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A Computer Has Been Programmed To Medicate You

This will be scary.

Sometime in the near future you may find yourself signing for an unexpected package. Opening it, you’ll see a prescription drug bottle with your name on it, your family doctor the prescribing physician. From the label, you’ll find you’ve received a three-month supply with three refills, meaning this prescription is good for a full year. To make it easy and convenient, you can refill by dialing an 800# and having your credit card ready.

You recognize the drug as one for high cholesterol. Thinking back to your last check-up you remember your numbers were a little elevated, but your doctor had said to just cool it on the elephant ears and corn dogs and get more exercise.

Or maybe the new medication in your surprise package is for borderline diabetes or mild high blood pressure, though you recall your doc calling it “white-coat hypertension” and saying she wouldn’t be treating it with meds. Maybe the package contains two kinds of drugs. Or three.

If you’re of a generation that tends to be totally uncritical of doctors and their decision making, you think maybe you didn’t get your cholesterol down low enough after all, and you swallow your first pill. (FYI, if you’re 40 and you live to a perfectly reasonable 85, this is the first of 14,600 cholesterol pills you’ll uncritically swallow for the rest of your life.)

Let’s say, however, you’re skeptical, perhaps a little reluctant to take anything that arrives in the mail without verifying the source first. So you call the doctor’s office…just to check. Her physician’s assistant (PA) or certified nurse practitioner (CNP) answers your call. Yes, indeed, your doctor did prescribe the medication, and we’re glad you called because we’ll need to do a blood test in a month to make sure it’s working.

“OK,” you think. “So I’ve joined the rest of America with my statin…no big deal.”

How you got that package is pretty astonishing
I recently received from Blue Cross/Blue Shield a thick, oversized envelope marked “Confidential Information.” The cover letter, co-signed by BC’s chief medical officer and its director of pharmacy, began by reminding me how they shared my concern about the well-being of my patients.

The letter went on to describe a new “comprehensive approach to drug therapy opportunities” called GuidedHealth, which I learned is a software program capable of gathering information about you, the patient, to see if you might benefit from medications that I might not have considered (the aforementioned “drug therapy opportunities” and oh so Orwellian).

There were 33 pages in the envelope, one patient per page, 33 “opportunities.” Armed with a fistful of these pages, I started opening some of your charts. On the first page, GuidedHealth recommended a new antidepressant, revealing that this patient had been taking an antidepressant for four years, but had not refilled her prescription for some time. The computer that generated this “opportunity” was unaware my patient had started taking the antidepressant during a grueling divorce and had since happily remarried.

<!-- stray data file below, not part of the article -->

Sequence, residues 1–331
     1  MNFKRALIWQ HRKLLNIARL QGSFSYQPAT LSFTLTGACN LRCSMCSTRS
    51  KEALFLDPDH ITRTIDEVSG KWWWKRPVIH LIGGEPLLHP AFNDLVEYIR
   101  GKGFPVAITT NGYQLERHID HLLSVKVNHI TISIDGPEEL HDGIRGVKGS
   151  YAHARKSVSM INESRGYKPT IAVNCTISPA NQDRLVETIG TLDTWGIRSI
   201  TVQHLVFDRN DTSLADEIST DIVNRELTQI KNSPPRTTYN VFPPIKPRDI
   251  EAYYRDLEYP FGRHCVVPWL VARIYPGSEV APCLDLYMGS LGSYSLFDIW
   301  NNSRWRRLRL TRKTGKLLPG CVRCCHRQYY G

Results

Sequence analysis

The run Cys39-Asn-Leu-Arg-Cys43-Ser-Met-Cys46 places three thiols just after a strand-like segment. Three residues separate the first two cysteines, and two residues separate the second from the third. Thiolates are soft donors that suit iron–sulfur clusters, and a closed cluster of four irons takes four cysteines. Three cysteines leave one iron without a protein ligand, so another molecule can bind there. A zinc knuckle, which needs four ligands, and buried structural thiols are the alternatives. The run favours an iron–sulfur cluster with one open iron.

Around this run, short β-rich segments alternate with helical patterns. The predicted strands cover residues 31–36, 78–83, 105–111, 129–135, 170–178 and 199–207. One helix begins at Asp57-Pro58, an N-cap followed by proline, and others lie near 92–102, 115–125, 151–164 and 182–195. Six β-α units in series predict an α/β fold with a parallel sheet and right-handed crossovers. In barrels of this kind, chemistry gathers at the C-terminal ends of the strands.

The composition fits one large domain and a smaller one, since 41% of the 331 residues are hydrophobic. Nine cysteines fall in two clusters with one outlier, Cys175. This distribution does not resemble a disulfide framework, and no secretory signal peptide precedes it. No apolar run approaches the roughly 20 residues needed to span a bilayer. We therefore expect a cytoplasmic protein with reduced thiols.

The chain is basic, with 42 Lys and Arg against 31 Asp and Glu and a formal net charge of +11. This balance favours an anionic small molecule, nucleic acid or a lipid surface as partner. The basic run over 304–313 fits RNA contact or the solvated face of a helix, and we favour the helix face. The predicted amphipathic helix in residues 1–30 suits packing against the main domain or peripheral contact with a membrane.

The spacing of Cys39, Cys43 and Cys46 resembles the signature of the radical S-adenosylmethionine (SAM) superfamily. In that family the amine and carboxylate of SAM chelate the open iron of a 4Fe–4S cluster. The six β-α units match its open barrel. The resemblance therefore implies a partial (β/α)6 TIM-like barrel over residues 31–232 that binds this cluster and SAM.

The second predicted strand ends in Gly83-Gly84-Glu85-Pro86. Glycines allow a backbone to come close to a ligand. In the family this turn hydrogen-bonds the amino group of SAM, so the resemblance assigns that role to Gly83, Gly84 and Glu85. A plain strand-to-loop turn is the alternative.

On the second notification, I was cautioned that the patient had an “increased risk for cardiovascular event” because of high cholesterol. Checking her chart, I noted that this was altogether wrong as her cholesterol was and is perfectly fine. I won’t bore you with further details, but after the first dozen patient charts, finding no missed “drug therapy opportunities” whatsoever, I gave up on this tedious task and poured myself a drink. (Don’t worry, I was at home.)

Then I did some investigating
It took me a few minutes to figure out why an insurance company like BC/BS (and I assume all insurance companies are doing this) would want to spend more money distributing more prescription drugs. Everyone knows the industry battle cry is “Deny!” and not “Here, have more!”

Then I went online. Amazing what a few clicks can reveal.

GuidedHealth is a software program developed by Prime Therapeutics, LLC, the pharmacy benefit manager privately held by 13 Blue Cross plans. It’s the largest of its kind in the US and its board of directors, as you might guess, are the CEOs of each of the 13 BC/BS plans.

When you switch from Walgreens to Prime Therapeutics
Every time you respond positively to a letter from BC/BS suggesting you shift your prescriptions from Walgreens or CVS to Prime Therapeutics, it’s a stab in the heart of Walgreens/CVS stockholders.

The carrot that Prime Therapeutics offers you is a tasty one: three-month supplies with fewer co-pays, telephone refills, and mail delivery. You may not have known that BC/BS owned Prime Therapeutics, but no big deal. In the US healthcare system, somebody’s always there to make a buck.

BC/BS and Prime Therapeutics chest-thump their not-for-profit status ad nauseam. But really, we should view this status as a tax dodge, their tax-exempt designation underwritten by the likes of you and me. They’re definitely not a not-for-profit like SmileTrain or Doctors Without Borders, for instance.  Not surprising, some states are getting fed up with Blue Cross having all the pleasures of a multibillion dollar company while taxpayers support it. Blue Shield of California, the state’s third largest insurer, recently had its tax-exempt status revoked.